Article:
Some schools will tell you at the time of the interview that you have interviewed well; some will not. If nothing is said, this does not mean that you did not interview well; it may simply be a reflection of that school's policy. In any case you should not ask if you have done well or if the interviewer was going to recommend you or how soon you will be hearing from the school as to whether or not you are accepted.

MMI Format: A multiple mini interview (MMI) consists of a series of short, structured interview stations used to assess non-cognitive qualities including cultural sensitivity, maturity, teamwork, empathy, reliability and communication skills. The MMI consists of a circuit of 7 to 10 stations. At each station, students are given two minutes to read a prompt and then generally about 8 minutes to respond to the prompt before moving to the next station. Interviewers will not have discussions with the applicant, but, they may pose additional questions if clarifications are needed. One of the most difficult parts of the MMI is that interviewers won’t react to an applicant’s responses, they must remain neutral.

Open file vs. closed file

There are two main types of interviews: open file and closed file. Schools may use either or both types.

At open file interviews the interviewer has access to your file before and/or during the interview, and initial questions tend to center around information contained in your application, transcripts, and essays. You can expect to be asked questions about your strengths and weaknesses and inconsistencies in your record. This type of interview may be quite formal.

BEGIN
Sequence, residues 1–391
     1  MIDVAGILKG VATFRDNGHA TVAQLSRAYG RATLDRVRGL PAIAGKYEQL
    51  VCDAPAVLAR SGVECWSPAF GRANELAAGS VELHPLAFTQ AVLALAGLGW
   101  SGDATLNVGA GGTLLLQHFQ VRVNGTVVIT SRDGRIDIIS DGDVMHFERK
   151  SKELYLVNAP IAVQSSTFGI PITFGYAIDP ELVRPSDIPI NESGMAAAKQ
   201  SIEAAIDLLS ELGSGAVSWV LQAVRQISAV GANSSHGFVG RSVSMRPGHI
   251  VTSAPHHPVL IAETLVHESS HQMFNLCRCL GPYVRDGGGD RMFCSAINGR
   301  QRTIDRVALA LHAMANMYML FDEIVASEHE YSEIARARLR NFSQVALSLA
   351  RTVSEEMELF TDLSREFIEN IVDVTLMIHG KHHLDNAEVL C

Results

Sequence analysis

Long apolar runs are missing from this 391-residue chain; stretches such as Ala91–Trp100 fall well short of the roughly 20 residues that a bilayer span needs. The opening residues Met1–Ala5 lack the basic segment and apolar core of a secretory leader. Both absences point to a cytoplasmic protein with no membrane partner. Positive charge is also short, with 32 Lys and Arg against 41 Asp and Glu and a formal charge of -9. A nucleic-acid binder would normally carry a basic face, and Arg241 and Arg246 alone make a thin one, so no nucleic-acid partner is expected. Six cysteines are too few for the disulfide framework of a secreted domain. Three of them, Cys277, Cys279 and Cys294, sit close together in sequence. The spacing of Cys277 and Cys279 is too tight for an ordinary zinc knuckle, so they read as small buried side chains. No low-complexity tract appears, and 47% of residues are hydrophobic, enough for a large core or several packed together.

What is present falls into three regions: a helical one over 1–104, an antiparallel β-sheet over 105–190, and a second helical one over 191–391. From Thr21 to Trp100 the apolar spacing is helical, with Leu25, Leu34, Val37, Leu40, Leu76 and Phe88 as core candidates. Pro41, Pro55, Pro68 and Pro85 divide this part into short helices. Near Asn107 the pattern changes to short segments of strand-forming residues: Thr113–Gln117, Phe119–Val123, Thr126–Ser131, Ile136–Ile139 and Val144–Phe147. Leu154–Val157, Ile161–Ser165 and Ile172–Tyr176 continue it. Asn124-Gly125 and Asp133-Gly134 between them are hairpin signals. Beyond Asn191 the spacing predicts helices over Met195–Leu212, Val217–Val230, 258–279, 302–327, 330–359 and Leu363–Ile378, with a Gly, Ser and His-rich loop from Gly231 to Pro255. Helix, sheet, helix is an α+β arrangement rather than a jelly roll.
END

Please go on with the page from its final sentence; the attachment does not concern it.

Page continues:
At closed file interviews the interviewer knows nothing about you except perhaps your name. Topics covered in closed file interviews will vary greatly and often concentrate on topics other than academics. Questions asked may seem surprising and off-the-wall, but they are designed to obtain insight into your personality and into your ability to think logically when confronted with new and unexpected situations. Because this type of interview tends to be less structured, you as the applicant may have more control over the direction the interview takes.

At some schools you also may be scheduled for an interview with a student in the program who may or may not know something about you. Such interviews are less formal, and provide you with the additional advantage of learning more about student life. The interview may take place in an office, over lunch, or while on a tour of the school's facilities.

Topics explored

Regardless of the kind of interview used, the interviewers are trying to assess similar things about you albeit from different perspectives. To assure uniformity in qualities assessed most schools provide the interviewers with a form to be completed for each applicant. These forms list topics to be explored during the interview and leave room for the interviewer to write an overall assessment of you. Topics likely to be explored during interview are:

  • Motivation and enthusiasm for the profession
  • Interest in the school and compatibility with the school's goals
  • Maturity
  • Sincerity
  • Ability to reason and organize thoughts
  • Adaptability and empathy for others
  • Strengths and weaknesses and ability to succeed in professional school
  • Goals (personal and professional)
  • Ability to cope with stressful situations
  • Articulateness and interpersonal skills
  • Intellectual curiosity
  • Social development and extracurricular interests
  • Familiarity with the lifestyle of a professional student and a practicing professional
  • Familiarity with new developments in the field, current health issues and controversies.


Preparation